Louisiana Tech receives $1.8M in grants for nanosystems, energy research

August 13, 2009

Louisiana Tech University's College of Engineering and Science has been awarded a $1.4 million grant from the U.S. Department of Energy (DOE), while Dr. Long Que, an assistant professor of electrical engineering, has received a $400,000 National Science Foundation (NSF) CAREER award.

The DOE grant will equip and support research in engineered systems to meet U.S. energy needs, using bio- , nano-, and geo-derived technologies, enabling Louisiana Tech to support several applied and fundamental research projects during 2009-10.

DOE funds will also be used to support faculty, students, operating expenses, and new equipment for related research. Projects to be funded will contribute to carbon capture, nuclear energy, renewable fuels, electrical energy storage, and energy harvesting.

"The proposed research projects will support the Department of Energy's overarching mission to advance the national, economic, and energy security of the United States, and to promote scientific and technological innovation in support of that mission," says Dr. Stan Napper, dean of Louisiana Tech's College of Engineering and Science.

"In particular, the projects at Louisiana Tech will assist DOE in its strategic goals of providing energy security, scientific discovery and innovation, and environmental responsibility."

Que's NSF CAREER grant funds a project titled "Biomolecular Nanophotonic Fabry-Perot Interferometry (BioNanoFPI)." This project will result in devices with nanostructures integrated with micro and nano networks to provide real-time, point-of-care monitoring. These devices will require only very small volumes of sample fluids, offering a significant contribution for high throughput drug screening and pathogen detection for the pharmaceutical industry.
-end-
The CAREER award is NSF's most prestigious, supporting junior faculty who exemplify the role of teacher-scholars through outstanding research, excellent education and the integration of education and research within the context of the mission of their organizations.

Que joined Louisiana Tech University in 2007, after a career in industry, including two years as a project and task leader at the G.E. Global Research Center.

The CAREER award will help to fund research involving students in the fabrication, characterization and testing of these devices, using laboratory facilities at Louisiana Tech's Institute for Micromanufacturing.

Louisiana Tech's College of Engineering and Science is a nationally recognized leader in educational innovation whose goal is to become "the best college in the world at integrating engineering and science in education and research." The Institute for Micromanufacturing (IfM) is an integrated nanomanufacturing and micromanufacturing center, dedicated to micro/nano scale technologies and systems research, education, and commercialization.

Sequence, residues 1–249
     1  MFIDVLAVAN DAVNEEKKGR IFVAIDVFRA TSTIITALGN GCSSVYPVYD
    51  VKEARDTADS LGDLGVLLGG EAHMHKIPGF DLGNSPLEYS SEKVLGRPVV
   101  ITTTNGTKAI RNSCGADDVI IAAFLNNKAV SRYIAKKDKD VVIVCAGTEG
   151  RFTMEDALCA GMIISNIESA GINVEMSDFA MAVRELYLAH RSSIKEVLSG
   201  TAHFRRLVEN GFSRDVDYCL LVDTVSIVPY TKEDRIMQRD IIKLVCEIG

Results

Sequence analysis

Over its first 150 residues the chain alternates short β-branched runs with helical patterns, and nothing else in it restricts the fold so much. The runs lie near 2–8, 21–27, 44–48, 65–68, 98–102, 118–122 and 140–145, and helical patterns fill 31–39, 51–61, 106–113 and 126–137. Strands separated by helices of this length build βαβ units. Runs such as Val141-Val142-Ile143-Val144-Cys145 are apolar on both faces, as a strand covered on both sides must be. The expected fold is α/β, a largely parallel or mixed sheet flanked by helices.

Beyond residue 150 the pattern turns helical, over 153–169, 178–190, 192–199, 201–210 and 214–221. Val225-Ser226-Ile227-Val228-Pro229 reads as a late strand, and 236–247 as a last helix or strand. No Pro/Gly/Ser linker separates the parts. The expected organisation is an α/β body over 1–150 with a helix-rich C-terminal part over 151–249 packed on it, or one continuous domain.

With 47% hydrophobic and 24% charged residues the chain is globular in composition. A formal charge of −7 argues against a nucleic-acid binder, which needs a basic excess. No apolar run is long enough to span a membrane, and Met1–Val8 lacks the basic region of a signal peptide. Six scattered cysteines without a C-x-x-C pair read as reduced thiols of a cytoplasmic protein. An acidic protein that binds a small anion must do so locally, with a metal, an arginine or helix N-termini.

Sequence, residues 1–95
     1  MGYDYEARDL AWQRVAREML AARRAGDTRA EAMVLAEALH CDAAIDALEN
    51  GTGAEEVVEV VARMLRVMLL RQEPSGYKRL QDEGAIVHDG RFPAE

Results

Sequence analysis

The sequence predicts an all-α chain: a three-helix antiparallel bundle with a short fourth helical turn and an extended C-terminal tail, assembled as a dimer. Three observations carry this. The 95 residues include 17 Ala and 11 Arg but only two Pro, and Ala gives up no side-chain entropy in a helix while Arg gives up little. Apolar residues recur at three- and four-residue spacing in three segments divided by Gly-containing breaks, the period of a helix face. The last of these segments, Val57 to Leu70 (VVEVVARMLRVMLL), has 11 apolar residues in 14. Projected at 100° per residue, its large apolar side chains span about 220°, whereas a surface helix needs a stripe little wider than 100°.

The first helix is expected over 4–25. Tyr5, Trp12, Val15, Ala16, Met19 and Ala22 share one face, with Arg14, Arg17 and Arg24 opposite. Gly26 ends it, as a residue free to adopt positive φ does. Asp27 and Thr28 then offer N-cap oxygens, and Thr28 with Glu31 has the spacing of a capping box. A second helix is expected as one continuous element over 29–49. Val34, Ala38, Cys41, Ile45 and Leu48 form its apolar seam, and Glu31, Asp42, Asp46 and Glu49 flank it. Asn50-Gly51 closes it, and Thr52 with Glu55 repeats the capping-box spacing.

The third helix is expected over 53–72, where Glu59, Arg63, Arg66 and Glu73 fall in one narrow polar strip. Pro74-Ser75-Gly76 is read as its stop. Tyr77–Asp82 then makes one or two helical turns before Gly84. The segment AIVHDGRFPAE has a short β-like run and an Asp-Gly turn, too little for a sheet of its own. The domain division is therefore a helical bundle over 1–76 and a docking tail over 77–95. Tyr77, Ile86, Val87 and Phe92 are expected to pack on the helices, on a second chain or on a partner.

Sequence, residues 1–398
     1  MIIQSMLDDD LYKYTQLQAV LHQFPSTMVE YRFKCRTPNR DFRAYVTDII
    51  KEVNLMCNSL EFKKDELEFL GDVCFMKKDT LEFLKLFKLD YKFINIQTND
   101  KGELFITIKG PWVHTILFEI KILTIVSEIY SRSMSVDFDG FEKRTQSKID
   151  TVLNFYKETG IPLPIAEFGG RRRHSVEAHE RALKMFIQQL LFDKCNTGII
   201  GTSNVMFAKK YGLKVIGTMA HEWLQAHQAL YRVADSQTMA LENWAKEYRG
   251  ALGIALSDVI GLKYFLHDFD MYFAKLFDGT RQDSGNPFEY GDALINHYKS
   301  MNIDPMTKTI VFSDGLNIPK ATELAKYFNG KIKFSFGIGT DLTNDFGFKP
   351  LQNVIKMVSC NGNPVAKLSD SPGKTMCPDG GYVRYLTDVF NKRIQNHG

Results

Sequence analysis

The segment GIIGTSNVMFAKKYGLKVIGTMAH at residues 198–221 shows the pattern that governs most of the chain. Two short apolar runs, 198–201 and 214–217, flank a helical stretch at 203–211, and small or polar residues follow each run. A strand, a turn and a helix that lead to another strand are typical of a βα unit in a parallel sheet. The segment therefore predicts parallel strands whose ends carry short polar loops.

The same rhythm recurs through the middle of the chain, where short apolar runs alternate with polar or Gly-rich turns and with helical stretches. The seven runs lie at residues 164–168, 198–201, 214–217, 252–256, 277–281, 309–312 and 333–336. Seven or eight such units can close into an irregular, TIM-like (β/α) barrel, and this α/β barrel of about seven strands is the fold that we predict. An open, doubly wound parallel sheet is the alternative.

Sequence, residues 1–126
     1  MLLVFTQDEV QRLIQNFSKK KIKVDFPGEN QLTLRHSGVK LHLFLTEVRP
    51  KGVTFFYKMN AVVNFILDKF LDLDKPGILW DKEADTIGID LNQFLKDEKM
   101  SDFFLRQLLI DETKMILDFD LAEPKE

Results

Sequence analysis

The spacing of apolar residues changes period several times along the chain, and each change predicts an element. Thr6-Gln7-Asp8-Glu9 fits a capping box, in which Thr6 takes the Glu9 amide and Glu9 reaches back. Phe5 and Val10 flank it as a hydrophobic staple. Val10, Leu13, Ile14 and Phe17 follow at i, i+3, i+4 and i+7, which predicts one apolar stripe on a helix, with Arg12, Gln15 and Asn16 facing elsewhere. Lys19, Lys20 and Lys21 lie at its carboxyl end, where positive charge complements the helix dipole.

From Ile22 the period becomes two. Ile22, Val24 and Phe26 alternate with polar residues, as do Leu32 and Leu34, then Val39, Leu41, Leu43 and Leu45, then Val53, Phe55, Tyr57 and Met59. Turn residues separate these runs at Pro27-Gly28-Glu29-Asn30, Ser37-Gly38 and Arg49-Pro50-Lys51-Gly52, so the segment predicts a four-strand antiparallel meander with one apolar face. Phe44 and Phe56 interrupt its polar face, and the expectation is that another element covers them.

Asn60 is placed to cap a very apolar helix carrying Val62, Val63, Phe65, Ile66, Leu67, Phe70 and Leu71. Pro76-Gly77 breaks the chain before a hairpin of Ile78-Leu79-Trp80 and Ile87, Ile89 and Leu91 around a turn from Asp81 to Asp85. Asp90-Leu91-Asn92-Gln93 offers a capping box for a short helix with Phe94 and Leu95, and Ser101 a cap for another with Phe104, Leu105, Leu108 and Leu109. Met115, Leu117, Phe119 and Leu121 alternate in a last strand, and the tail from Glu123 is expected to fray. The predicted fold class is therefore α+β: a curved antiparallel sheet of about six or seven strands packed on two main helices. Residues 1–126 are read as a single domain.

Louisiana Tech University

Related Engineering Articles from Brightsurf:

Re-engineering antibodies for COVID-19
Catholic University of America researcher uses 'in silico' analysis to fast-track passive immunity

Next frontier in bacterial engineering
A new technique overcomes a serious hurdle in the field of bacterial design and engineering.

COVID-19 and the role of tissue engineering
Tissue engineering has a unique set of tools and technologies for developing preventive strategies, diagnostics, and treatments that can play an important role during the ongoing COVID-19 pandemic.

Engineering the meniscus
Damage to the meniscus is common, but there remains an unmet need for improved restorative therapies that can overcome poor healing in the avascular regions.

Artificially engineering the intestine
Short bowel syndrome is a debilitating condition with few treatment options, and these treatments have limited efficacy.

Reverse engineering the fireworks of life
An interdisciplinary team of Princeton researchers has successfully reverse engineered the components and sequence of events that lead to microtubule branching.

New method for engineering metabolic pathways
Two approaches provide a faster way to create enzymes and analyze their reactions, leading to the design of more complex molecules.

Engineering for high-speed devices
A research team from the University of Delaware has developed cutting-edge technology for photonics devices that could enable faster communications between phones and computers.

Breakthrough in blood vessel engineering
Growing functional blood vessel networks is no easy task. Previously, other groups have made networks that span millimeters in size.

Next-gen batteries possible with new engineering approach
Dramatically longer-lasting, faster-charging and safer lithium metal batteries may be possible, according to Penn State research, recently published in Nature Energy.

Read More: Engineering News and Engineering Current Events
Brightsurf.com is a participant in the Amazon Services LLC Associates Program, an affiliate advertising program designed to provide a means for sites to earn advertising fees by advertising and linking to Amazon.com.